The Cold War and the ever-looming threat of nuclear war between the United States and the Soviet Union inspired many works of its time. These included films that explored just how a nuclear war might begin with such classic 1960s films as Stanley Kubrick's dark comedy Dr. Strangelove and the more serious Fail Safe. Coming at the tail end of the Cold War in 1990 between the fall of the Berlin Wall and the break up of the Soviet Union, HBO's By Dawn's Early Light was the last triumphant grasp of that sub-genre of Cold War storytelling as it told a gripping tale of potential Armageddon on the edge of peace.
Based on the 1983 novel Trinity's Child by William Prochnau, it's a movie made from the same mold as those aforementioned Cold War nightmares. A nuclear detonation over a Russian city triggers an immediate response from the Soviet Union, setting in motion nuclear strikes and counter-strikes. The movie follows numerous threads, one being the B-52 bomber Polar Bear One piloted by Major Cassidy (Powers Boothe) and Captain Moreau (Rebecca De Mornay) who are romantically involved as well as being co-pilots. Meanwhile in Washington is the American President (Martin Landau) who, from the moment a call from NORAD awakens him, tries to maintain control over a situation that very soon gets out of control. Flying above the country are the two Doomsday Planes, the Air Force's Looking Glass with the general callsign Alice (James Earl Jones) and the E-4B Nightwatch command plane. On board the latter is the Secretary of the Interior (Darren McGavin) who becomes acting President and faces a difficult choice thanks to conflicting military advisers including an admiral with the callsign Harpoon (Jeffrey DeMunn) and hawkish military adviser Colonel Fargo (Rip Torn).
It's a packed plot, to say the least. Credit goes to scriptwriter Bruce Gilbert who took Prochnau's novel and faithfully adapted it for the screen adding only the romance subplot which is perhaps the movie's biggest weakness as it adds little but distracting cheesy moments. Beyond that, however, Gilbert and director Jack Sholder graft a gripping tale built around the dilemmas many of them face and the debates about the merits (if one can call it that) of how nuclear war might play out. The film is rarely static though and features the occasional punch of action from nuclear explosions to Soviet fighters pursuing the B-52. Indeed, time has revealed thanks to declassified documents and interviews in books such as Garret Graff's Raven Rock that some of the concerns in the film about Continuity of Government, the line of presidential succession, and confusion over who was in charge of fighting such a war were legitimate The result is that whatever else can be said for the movie it is never dull.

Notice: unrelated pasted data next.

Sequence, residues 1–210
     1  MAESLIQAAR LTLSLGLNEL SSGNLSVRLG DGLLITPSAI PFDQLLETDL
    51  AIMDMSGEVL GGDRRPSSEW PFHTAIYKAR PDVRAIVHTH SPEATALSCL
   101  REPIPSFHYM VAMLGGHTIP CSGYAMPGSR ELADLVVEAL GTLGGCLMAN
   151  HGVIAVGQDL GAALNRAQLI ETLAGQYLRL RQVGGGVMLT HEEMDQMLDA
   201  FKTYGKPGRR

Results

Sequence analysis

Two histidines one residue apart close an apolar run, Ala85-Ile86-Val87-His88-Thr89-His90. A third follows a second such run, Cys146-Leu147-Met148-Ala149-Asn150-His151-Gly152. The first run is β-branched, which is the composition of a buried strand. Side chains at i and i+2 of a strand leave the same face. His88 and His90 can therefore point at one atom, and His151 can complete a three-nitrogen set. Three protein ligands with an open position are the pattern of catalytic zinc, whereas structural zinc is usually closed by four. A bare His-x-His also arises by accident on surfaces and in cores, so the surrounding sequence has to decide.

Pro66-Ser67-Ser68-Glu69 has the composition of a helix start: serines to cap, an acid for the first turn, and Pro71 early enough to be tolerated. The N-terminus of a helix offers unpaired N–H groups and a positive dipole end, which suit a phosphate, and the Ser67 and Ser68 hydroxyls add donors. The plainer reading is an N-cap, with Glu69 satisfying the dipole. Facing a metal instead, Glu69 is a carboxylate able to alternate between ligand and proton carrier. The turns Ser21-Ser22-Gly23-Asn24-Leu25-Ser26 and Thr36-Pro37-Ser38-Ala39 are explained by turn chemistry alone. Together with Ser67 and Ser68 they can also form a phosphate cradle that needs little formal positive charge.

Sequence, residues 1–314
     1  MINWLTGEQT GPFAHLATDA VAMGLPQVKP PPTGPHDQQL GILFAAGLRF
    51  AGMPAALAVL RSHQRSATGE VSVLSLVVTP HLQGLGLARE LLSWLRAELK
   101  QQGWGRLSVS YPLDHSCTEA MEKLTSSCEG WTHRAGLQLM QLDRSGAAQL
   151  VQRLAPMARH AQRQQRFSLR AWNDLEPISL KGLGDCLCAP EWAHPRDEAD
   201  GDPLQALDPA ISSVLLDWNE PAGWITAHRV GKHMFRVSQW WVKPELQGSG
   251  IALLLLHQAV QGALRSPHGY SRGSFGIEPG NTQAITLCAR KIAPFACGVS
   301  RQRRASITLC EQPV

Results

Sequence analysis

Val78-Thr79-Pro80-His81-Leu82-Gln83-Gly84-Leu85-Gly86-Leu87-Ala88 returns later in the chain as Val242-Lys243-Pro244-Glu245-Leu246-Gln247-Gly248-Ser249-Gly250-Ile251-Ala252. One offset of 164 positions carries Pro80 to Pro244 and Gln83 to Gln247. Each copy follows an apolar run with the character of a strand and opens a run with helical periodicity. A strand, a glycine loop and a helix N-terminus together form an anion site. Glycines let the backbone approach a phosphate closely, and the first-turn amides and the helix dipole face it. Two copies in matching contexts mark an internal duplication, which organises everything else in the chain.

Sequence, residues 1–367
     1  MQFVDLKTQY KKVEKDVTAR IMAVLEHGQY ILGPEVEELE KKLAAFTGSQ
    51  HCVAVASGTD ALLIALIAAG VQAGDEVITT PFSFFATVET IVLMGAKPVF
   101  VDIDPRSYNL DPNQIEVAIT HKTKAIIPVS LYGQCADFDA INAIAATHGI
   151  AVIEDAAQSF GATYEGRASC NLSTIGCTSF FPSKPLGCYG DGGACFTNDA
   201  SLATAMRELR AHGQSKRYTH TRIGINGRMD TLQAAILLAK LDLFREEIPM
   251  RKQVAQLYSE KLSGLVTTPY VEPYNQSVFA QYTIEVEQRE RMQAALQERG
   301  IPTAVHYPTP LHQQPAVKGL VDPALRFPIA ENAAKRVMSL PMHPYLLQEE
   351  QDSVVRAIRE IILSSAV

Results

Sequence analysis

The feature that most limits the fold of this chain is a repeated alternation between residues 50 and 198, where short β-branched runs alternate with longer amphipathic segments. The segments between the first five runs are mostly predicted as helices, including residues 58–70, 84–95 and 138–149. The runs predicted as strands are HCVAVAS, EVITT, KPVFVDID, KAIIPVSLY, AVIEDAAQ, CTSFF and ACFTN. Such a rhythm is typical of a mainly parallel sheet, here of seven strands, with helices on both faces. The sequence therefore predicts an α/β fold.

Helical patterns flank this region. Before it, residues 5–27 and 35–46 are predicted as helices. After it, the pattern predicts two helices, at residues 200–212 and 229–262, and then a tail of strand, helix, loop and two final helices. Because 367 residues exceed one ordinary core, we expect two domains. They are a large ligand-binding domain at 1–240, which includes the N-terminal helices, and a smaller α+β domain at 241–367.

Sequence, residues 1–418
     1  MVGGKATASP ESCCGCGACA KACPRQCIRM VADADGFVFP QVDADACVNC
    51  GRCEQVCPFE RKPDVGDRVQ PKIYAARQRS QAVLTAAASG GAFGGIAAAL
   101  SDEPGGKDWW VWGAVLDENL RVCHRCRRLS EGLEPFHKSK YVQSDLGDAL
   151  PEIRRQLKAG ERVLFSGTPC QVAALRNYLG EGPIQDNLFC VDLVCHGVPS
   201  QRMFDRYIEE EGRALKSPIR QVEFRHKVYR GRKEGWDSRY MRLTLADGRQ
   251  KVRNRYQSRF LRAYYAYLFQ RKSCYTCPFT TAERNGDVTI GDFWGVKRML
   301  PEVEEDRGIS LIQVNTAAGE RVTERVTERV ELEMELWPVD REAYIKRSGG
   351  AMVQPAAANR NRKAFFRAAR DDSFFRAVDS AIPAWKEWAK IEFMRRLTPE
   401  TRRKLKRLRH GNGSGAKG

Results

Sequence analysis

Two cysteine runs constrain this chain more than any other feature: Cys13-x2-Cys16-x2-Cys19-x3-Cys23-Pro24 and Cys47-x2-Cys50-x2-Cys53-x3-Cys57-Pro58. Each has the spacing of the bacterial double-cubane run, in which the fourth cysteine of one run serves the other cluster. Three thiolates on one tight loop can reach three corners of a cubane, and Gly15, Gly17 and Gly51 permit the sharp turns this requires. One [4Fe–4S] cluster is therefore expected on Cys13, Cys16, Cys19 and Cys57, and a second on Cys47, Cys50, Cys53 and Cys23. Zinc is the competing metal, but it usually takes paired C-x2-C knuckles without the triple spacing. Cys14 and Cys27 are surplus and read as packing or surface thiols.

It's also well-acted. Being made for TV and on a cable channel in cable's early days one might not have expected much. Instead, the movie features a top-notch cast. Boothe and De Mornay are believable as pilots of a B-52 though even the chemistry between them never overcomes the cheesiness of the romance subplot. Landau is well-suited as the President who finds himself in a remarkable situation with Landau playing not just dignity but also the internal debate and even frustration that goes with the job. Elsewhere, both Jones as Alice and DeMunn's Harpoon carry all of the presence a fine character actor can bring to the part as he deals with conflicting orders and trying to make the right decision. McGavin's acting president is an interesting character, a novice thrown in on the deep end who gives into the idea of fighting this most destructive conflict to “win it all.” Rip Torn's performance as the hawkish Colonel Fargo is especially neat and convincing, never dipping into potential Strangelove parody territory but as someone who is thinking about nuclear war like it's just another conflict. The cast is rounded off nicely by Peter MacNicol as the President's military aide, Nicolas Coster as the general in charge of NORAD, and the various actors playing the crews of the various aircraft in question. It's a solid cast which brings the story nicely to life on a human level.
The film's production values, though low budget, are also solid. The sets, especially for NORAD and the White House in the film's opening half hour or so, are neither flashy or completely convincing with the White House situation room, in particular, being a casualty of the budget. On the other hand, the interiors of all the aircraft involved are quite convincing if not always entirely accurate portrayals of the real aircraft but they get the point across nicely. The special effects, all important here with brief depictions of nuclear devastation and aircraft in flight, are all solid for the pre-CGI era with the model shots looking particularly good. The score from composer Trevor Jones is sparse but effective while the aforementioned mention direction from Sholder makes the most of the film's budget to great effect.
By Dawn's Early Light ranks as being among the last great nuclear war films of the Cold War era. From a fully plotted, tense script to strong performances and solid if low budget production values, it was also perhaps the last movie to depict the outbreak of war between the US and the Soviet Union. While the production values and unfortunate romantic subplot keep it from the level of a Fail Safe, it remains worth a watch even now. For with the renewed tensions regarding nuclear weapons, perhaps its plot isn't as relegate to the past as we would like it to be.